Location of Repository

Nurses' perceptions and experiences of communication in the operating theatre : a focus group interview

By Debra Nestel and Jane M. Kidd


Abstract\ud Nurses' perceptions and experiences of communication in the operating theatre: a focus group interview\ud \ud Background\ud Communication programmes are well established in nurse education. The focus of programmes is most often on communicating with patients with less attention paid to inter-professional communication or skills essential for working in specialised settings. Although there are many anecdotal reports of communication within the operating theatre, there are few empirical studies. This paper explores communication behaviours for effective practice in the operating theatre as perceived by nurses and serves as a basis for developing training.\ud \ud Methods\ud A focus group interview was conducted with seven experienced theatre nurses from a large London teaching hospital. The interview explored their perceptions of the key as well as unique features of effective communication skills in the operating theatre. Data was transcribed and thematically analysed until agreement was achieved by the two authors.\ud \ud Results\ud There was largely consensus on the skills deemed necessary for effective practice including listening, clarity of speech and being polite. Significant influences on the nature of communication included conflict in role perception and organisational issues. Nurses were often expected to work outside of their role which either directly or indirectly created barriers for effective communication. Perceptions of a lack of collaborative team effort also influenced communication.\ud \ud Conclusion\ud Although fundamental communication skills were identified for effective practice in the operating theatre, there were significant barriers to their use because of confusion over clarity of roles (especially nurses' roles) and the implications for teamwork. Nurses were dissatisfied with several aspects of communication. Future studies should explore the breadth and depth of this dissatisfaction in other operating theatres, its impact on morale and importantly on patient safety. Interprofessional communication training for operating theatre staff based in part on the key issues identified in this study may help to create clarity in roles and focus attention on effective teamwork and promote clinical safety.\ud \u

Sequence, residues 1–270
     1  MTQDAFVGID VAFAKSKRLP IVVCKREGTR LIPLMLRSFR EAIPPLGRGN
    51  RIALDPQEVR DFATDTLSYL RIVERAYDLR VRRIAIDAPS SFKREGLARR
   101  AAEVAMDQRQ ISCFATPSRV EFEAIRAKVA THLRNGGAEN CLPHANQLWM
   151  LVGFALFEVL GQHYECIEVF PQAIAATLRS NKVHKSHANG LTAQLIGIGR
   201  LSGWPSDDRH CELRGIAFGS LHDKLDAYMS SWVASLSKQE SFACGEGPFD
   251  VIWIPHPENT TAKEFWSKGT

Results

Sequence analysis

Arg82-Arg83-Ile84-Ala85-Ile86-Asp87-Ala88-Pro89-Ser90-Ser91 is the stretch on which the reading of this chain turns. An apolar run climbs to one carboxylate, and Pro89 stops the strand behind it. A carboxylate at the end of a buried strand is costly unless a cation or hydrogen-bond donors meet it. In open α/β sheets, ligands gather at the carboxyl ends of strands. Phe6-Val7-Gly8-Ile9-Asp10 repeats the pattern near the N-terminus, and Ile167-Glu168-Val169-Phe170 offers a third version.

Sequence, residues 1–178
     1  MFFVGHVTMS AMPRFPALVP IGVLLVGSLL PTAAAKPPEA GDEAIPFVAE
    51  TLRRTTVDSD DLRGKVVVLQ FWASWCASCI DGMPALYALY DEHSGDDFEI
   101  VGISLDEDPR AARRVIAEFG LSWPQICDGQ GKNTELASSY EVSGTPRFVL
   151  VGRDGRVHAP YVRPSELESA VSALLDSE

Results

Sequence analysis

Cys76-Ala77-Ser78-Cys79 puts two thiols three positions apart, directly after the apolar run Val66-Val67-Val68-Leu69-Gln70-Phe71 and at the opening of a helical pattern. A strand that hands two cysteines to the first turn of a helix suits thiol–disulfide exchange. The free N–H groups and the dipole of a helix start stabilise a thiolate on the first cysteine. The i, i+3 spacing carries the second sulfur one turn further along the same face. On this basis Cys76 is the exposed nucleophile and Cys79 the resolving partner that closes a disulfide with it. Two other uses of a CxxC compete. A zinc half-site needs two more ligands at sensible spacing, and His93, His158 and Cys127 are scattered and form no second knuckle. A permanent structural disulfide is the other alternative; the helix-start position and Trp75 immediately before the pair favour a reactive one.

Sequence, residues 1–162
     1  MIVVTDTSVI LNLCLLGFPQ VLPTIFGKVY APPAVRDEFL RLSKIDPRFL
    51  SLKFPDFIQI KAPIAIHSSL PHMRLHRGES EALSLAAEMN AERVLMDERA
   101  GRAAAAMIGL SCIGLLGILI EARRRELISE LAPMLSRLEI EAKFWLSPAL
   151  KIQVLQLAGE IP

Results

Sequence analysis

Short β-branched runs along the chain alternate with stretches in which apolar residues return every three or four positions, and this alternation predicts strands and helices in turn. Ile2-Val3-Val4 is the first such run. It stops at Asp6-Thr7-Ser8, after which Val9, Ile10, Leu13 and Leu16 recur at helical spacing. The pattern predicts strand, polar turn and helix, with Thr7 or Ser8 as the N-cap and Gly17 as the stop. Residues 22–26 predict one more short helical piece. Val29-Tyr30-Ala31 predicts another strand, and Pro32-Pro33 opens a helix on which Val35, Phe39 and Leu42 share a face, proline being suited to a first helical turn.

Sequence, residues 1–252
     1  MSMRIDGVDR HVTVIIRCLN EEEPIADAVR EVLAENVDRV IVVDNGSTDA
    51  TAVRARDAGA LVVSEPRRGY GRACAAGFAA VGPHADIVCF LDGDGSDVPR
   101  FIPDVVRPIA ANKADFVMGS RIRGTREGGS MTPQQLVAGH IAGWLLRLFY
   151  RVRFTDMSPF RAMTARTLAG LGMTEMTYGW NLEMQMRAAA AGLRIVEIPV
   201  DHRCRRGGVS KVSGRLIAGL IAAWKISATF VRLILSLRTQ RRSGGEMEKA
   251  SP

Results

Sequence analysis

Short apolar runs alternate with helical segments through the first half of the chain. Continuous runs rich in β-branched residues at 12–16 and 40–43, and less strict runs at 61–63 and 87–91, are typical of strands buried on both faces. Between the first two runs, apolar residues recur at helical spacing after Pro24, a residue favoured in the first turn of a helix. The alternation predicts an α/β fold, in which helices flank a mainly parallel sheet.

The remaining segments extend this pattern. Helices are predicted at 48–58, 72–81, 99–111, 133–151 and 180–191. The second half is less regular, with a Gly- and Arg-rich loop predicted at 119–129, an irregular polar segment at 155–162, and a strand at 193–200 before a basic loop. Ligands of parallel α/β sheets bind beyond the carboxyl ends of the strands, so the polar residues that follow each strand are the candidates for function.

Topics: RT, RD
Publisher: BioMed Central Ltd.
Year: 2006
OAI identifier: oai:wrap.warwick.ac.uk:586

Suggested articles



  1. (1985). AH: OR personnel functions: testing of observability.
  2. (1970). Analysis of the role of the professional staff nurse in the operating room. Nursing Research doi
  3. (1984). Communicating in the OR. Part 1: An overview. doi
  4. (1985). Communicating in the OR. Part 2: Listening. doi
  5. (1985). Communicating in the OR. Part 3: Confrontation. doi
  6. (1984). Communicating with surgeons, once you learn the language, is possible most of the time. doi
  7. (1992). Communication – a theatre art.
  8. (2002). Communication skills: some problems in nursing education. doi
  9. (1993). Conflicts in Care. Medicine and Nursing Chapman and Hall: London;
  10. Crew Resource Management and its applications in medicine. In Making Health Care Safer: A Critical Analysis of Patient Safety Practices Volume 44. Edited by: Shojana